Grafton Tyler Brown
Brown actively exhibited with the Portland Art Club for the next 3 years, while Espey participated only to the extent that his time away in France allowed. That Brown and Espey became close friends may be ascertained by the fact that Brown was one of Espey’s pallbearers at his funeral in 1889. A promising art career was ended prematurely by the death of Espey at the age of 29 of Hodgkin’s lymphoma. His interment was at the Riveview Cemetery south of downtown Portland. Unfortunately, his grave marker bears a death date of April 1, not March 1, of 1889. By 1891, Brown had left Portland for Helena, Montana, and after a brief time there moved to St Paul, Minnesota, where he died in 1918. That Brown achieved a notable level of success in business as well as in his art endeavors may be attributed to him being able to “pass” as white, considering the level of racism evident in the West during the time.

Shoshone Falls
by Edward Espey

Grafton Tyler Brown,
dated 1882

....Having agreed upon a price and paying for the collection, I had to make a decision regarding how to ship the paintings back to Portland. I decided to drive down to Los Angeles and pick up the paintings myself in order to insure they were carefully handled and packed. When I arrived at the church, my contact there informed me that their records indicated there was one more painting in the collection they hadn’t mentioned to me, which they could not locate. The paintings were stowed away in storage areas of the church, and we eventually pulled out and identified those we had agreed upon. I asked for, and was granted, permission to dig around in some other storage areas in the church and eventually found a box with the missing painting. Interestingly, in the box with this painting, which was unsigned, were 5 lithographs by Grafton Tyler Brown along with one of the advertising brochures he developed that illustrated sketches of Yellowstone scenes. Prospective customers of Brown could identify a Yellowstone sketch they liked in the brochure, which Brown would develop into a painting. Judging by the large number of Yellowstone paintings by Brown that exist, it’s clear that this promotional brochure was a commercial success for the artist.

....When I returned to Portland, I examined the paintings more closely. Eight of the thirteen paintings were signed by Espey, one was signed by a minor French artist, and the other four were unsigned. Of the signed Espey works, one was clearly a still life done as a student in Paris, two were American subjects, and the rest were works painted in France, in Normandy and Brittany. The largest was an 1888 marine with a sailboat on stormy seas measuring 40 by 60. The strongest work in my opinion was a view of Shoshone Falls in Idaho, painted at dawn. Two of the unsigned works seemed unfinished and I am currently unclear about their authorship. Two other unsigned works had handwritten inscriptions verso which offered the first clues that these were not by the hand of Edward Espey.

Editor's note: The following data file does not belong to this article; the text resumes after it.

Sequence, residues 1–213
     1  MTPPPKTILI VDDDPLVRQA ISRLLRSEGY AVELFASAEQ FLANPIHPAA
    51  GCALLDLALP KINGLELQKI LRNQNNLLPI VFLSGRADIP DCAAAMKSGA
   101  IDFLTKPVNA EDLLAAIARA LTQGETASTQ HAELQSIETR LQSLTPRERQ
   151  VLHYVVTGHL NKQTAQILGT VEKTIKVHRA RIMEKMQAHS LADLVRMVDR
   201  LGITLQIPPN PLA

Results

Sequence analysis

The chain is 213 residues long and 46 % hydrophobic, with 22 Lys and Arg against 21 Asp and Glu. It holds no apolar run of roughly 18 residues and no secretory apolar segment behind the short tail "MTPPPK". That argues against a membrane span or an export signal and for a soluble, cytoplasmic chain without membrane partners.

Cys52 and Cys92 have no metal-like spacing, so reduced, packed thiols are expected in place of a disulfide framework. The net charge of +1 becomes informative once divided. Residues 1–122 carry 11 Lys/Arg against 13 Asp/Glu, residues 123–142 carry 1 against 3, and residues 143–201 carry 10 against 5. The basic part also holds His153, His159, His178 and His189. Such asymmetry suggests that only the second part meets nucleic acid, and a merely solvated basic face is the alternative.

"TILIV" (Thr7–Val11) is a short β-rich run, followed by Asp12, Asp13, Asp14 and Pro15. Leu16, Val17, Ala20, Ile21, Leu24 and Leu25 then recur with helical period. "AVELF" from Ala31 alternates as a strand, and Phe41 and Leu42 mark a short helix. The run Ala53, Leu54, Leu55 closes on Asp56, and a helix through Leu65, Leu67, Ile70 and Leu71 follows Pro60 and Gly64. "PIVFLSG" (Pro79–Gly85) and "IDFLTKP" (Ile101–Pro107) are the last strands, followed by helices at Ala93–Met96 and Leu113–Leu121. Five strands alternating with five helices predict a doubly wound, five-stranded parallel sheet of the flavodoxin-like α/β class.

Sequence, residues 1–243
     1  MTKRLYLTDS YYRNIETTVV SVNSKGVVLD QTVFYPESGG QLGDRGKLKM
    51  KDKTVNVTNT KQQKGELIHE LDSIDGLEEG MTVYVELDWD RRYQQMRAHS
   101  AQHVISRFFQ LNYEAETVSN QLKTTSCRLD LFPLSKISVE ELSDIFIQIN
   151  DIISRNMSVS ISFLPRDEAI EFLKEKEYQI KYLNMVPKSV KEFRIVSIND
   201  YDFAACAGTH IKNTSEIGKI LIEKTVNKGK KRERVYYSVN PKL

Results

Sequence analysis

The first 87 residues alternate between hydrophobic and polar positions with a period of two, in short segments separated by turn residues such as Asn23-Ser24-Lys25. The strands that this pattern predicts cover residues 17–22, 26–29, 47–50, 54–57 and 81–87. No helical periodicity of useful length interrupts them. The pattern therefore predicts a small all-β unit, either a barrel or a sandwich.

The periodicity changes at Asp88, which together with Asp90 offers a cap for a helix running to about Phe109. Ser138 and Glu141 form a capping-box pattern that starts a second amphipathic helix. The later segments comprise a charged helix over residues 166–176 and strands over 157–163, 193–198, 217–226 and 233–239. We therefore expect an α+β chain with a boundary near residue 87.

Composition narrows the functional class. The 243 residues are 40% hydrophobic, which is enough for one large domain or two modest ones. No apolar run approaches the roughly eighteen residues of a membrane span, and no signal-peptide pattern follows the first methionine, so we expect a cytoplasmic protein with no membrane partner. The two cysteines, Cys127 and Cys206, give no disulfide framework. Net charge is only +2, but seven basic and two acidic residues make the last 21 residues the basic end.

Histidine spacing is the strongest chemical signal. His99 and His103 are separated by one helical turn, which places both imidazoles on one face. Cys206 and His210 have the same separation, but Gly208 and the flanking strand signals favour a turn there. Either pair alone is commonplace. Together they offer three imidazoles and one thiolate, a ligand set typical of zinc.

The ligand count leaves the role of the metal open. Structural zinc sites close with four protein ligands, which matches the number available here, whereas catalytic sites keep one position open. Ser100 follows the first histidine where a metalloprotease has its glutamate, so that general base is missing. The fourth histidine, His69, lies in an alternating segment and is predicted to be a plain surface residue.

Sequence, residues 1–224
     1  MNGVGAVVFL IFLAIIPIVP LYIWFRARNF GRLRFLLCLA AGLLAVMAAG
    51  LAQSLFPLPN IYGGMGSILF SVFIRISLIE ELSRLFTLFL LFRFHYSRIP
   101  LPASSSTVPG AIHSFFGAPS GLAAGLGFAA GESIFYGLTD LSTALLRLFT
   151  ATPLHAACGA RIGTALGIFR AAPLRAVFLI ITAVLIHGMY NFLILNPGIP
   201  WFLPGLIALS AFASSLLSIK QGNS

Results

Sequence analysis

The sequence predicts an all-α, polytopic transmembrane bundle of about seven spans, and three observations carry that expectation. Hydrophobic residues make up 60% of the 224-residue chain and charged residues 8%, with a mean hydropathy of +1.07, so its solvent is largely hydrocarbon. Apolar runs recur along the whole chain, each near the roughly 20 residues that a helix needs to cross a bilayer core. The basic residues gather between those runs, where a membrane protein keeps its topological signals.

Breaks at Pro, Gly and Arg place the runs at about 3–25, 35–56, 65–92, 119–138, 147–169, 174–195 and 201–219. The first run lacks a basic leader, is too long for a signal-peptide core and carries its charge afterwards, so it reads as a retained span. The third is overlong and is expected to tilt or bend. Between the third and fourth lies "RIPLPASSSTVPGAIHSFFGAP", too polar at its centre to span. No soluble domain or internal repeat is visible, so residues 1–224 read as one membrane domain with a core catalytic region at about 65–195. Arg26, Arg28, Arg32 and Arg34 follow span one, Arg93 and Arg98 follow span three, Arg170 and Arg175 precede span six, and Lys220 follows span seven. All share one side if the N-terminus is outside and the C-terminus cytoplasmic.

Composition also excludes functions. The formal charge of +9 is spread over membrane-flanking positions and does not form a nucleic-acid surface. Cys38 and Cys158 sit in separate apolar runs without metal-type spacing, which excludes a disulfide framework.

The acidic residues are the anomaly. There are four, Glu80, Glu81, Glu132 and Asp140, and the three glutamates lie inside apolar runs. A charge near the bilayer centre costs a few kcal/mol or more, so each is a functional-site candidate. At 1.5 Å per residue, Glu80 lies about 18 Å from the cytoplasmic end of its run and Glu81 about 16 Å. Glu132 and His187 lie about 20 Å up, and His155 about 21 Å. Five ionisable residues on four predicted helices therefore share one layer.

Grafton Tyler Brown,
dated 1889
....One of these unsigned works was a fall landscape with purple hills, overcast skies, and colorful foliage, painted on thin cardstock and measuring 9 ½ inches tall by 14 inches wide. Written on back in pencil was the following: “View from the Eli Lequime store, R.C. Mission, Okanagan Lake, B.C, October 10, 1882.” Since Espey had sailed to France for study at the Academie Julian in June of that year, it became clear that he could not have been the artist of this particular work. Research regarding Brown indicated that in autumn of 1882, he had accompanied the Amos Bowman geological survey through British Columbia as expedition artist. I was able to acquire a facsimile of the unusually detailed exhibition brochure for Brown’s exhibition of 22 oil paintings in Victoria, B.C. at the New Colonist Buildings for one week commencing June 25, 1883. The brochure indicated that the paintings in the exhibit were studio paintings executed from oil sketches rendered on the Bowman survey. Each painting in this exhibit was described in copious detail. The first painting in the exhibition carried the title: “Long Lake, B.C., October 9, 1882, looking down the lake from the wagon road between Spallumcheen and Okanagan valleys.” The Eli Lequime store was a general store with lodging available on the second floor, located at the Roman Catholic Mission in the Okanagan valley at the southern end of Long Lake. Lequime (1811-1898) was an early settler to the area, whose son Bernard founded the city of Kelowna. Ostensibly, Brown painted this sketch from the front deck on the second floor of the Lequime hotel, one day after he painted the oil sketch of Long Lake.